Derek York *
Department of Physics, University of Toronto
(from EOS, v. 60, no. 33, pp. 617-618, Aug. 14, 1979, publication of the American Geophysical Union)
[Illustrations from Henderson and Sparks, 1939]
Pleochroic halos had been known for about a quarter of a century before the geologist, J. Joly, explained that they owed their origin to the newly discovered phenomenon of radioactivity [Joly, 1907]. With the aid of a microscope, such halos are usually seen as small darkened circular spots surrounded by dark or colored rings. Joly proposed that the tiny mineral inclusions frequently seen at the centers of the halos were radioactive and that the passage of alpha particles from the inclusion through the host crystal produced the discoloration seen. Uranium was known to decay through a whole series of radioactive daughters, a number of which also ejected alpha particles. The energies of these in particles were characteristic of each emitter, and so each alpha-emitting radioactive element in the decay chain ejected he's with a characteristic range in a given medium. Thus, said Joly, the various rings in a halo corresponded to the ranges in the mineral of the or particles from particular members of the uranium decay chain. Herein was a beautiful, almost photographic, record of the radioactive process, as it had gone on for hundreds of millions of years. Joly's explanation was soon accepted, and during the next 30 or so years, a number of investigators, including Joly, examined halos in some detail [Holmes, 1931]. The hope that they might be useful for the measurement of the ages of rocks was a strong motivation. The idea was that laboratory-induced discoloration of minerals by known It doses could be compared with the natural discoloration in halos, thereby indicating the natural dose involved in the generation of the halos. This natural dose could then easily be converted into an age, if the uranium content of the radioactive inclusion at the center of the halo were known. The hopes of using pleochroic halos foundered, however, on the great difficulty of quantitatively measuring the degree of discoloration of a mineral. As a timepiece, the pleochroic halo was an even bigger disappointment than its contemporary, U-He dating. The classical era for the study of halos came to an end with the outbreak of the Second World War. It was also marked by the appearance in the Proceedings of the Royal Society of London of two striking papers [Henderson, 1939; Henderson and Sparks, 1939] by G. H. Henderson of Dalhousie University, Nova Scotia. These papers form the basis of the remainder of our discussion.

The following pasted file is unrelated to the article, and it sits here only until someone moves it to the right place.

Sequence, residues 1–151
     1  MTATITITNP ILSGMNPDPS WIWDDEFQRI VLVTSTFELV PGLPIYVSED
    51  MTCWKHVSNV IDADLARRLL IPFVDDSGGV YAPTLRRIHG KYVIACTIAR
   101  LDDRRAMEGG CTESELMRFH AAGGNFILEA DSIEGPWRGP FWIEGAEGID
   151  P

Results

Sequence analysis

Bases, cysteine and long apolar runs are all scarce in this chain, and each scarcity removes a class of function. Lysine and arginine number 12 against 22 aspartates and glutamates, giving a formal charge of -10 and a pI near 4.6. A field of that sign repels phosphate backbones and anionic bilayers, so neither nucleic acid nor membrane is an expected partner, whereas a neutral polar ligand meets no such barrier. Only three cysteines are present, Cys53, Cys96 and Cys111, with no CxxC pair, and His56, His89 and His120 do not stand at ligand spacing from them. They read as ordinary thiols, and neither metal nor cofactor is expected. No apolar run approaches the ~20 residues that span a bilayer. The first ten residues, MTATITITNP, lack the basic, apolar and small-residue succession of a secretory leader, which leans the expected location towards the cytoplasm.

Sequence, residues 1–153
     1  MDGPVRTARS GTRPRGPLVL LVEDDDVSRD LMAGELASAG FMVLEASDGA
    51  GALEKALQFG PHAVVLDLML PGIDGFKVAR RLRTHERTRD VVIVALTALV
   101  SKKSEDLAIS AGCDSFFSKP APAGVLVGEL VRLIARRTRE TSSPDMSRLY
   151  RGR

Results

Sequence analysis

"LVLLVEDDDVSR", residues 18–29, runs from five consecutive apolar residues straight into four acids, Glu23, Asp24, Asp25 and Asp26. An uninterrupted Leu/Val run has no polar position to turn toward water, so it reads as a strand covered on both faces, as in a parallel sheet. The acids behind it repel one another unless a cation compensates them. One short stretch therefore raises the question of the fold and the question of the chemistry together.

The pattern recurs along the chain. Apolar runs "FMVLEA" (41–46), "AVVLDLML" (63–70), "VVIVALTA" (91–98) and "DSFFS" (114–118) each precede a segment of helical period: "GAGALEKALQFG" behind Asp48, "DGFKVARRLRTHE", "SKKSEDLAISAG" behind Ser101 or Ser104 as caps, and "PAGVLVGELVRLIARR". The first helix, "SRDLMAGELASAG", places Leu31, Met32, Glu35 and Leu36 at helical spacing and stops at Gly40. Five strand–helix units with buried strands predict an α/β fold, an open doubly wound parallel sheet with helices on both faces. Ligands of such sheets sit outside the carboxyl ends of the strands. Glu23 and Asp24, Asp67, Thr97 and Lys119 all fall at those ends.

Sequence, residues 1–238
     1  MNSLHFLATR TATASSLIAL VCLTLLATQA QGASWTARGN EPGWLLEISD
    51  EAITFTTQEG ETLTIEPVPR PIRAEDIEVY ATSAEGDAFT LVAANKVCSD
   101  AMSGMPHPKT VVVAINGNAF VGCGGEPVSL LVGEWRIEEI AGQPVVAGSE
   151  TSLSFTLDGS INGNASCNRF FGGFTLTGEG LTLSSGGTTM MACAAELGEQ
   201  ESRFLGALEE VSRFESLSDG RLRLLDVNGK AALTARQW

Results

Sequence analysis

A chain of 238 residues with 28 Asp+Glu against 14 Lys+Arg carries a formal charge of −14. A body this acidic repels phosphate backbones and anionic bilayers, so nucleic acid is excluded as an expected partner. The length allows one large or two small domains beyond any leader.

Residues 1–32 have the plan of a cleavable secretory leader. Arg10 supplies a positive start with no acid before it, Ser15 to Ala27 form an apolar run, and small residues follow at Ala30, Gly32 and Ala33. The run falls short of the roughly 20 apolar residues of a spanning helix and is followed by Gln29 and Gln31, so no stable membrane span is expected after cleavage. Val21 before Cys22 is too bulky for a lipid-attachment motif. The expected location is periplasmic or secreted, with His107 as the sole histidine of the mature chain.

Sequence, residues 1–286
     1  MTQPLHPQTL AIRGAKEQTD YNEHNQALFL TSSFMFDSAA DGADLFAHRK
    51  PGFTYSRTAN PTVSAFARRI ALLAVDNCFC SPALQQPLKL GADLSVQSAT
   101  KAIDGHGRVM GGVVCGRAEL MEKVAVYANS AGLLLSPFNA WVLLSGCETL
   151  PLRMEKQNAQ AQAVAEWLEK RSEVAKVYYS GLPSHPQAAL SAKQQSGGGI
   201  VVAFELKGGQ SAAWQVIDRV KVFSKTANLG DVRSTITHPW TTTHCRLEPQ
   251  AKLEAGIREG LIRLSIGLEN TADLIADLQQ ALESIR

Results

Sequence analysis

By 1939, Henderson had examined many micas from around the world and had
noted the occurrence of pleochroic halos in roughly half of these. In his paper
with Sparks, Henderson set out to classify the halos into distinct types.
Clearly, the commonest was that produced by the
uranium family. It was
charcterized by a dark central disk surrounded by a set of rings with radii
corresponding to the alpha ranges of the daughter radioactivities in the uranium chain.
Significantly less common were somewhat similar roles which were a result of the thorium chain. Occasionally, a compound halo that was due to the combined effects of uranium and thorium was found. In addition to these immediately understandable halos, Henderson and Sparks recorded four other types of structure, which they called A, B, C and D. These were particularly interesting because they had few rings, but what rings there were had radii corresponding to the ranges of alpha particles emitted by short-lived members of the 238U family.
The D type, for instance, appeared under the microscope merely as a simple dark disk, whose radius corresponded, according to Henderson and Sparks , with the expected range in biotite of the alpha particles from radium [about 16 micrometers]. Most interesting of all, however, were types A, B, and C. Their existence and interpretation are the reasons for this note.
Types A, B, and C halos were all thought by Henderson and Sparks to have been produced solely by extremely short-lived isotopes of polonium. No ring owing to the longer-lived progenitors in the uranium chain was seen.
Type A was simplest. It was 'a dark disk with a sharp outer boundary.' The disk radius agreed within 3% with the range of alpha particles from 210Po, and the investigators settled for this isotope as the likely source of type A halos. They noted it might also have been because of either 228Th or 222Rn. However, the absence of rings owing to later activities seemed to rule these two possibilities out. In contrast, 210Po is the last alpha emitter in the 238U chain, and so if it were possible to isolate it in a biotite, it might produce a single A-type disk.
The type B halo looked like a type A disk with an outer ring added. The radius of the latter corresponded with its having been produced by 214Po. Since the halflife of the latter is less than 200 microseconds, Henderson and Sparks suggested that the halo parent was probably 214Pb or 214Bi.
Finally, the type C halo appeared to be similar to a type B with an intermediate ring added. The radius of this new ring was only about 4% higher than would be expected if it were due to alphas from 218Po. It was therefore concluded that the rings in type C halos were produced by 218Po, 214Po and 210 Po.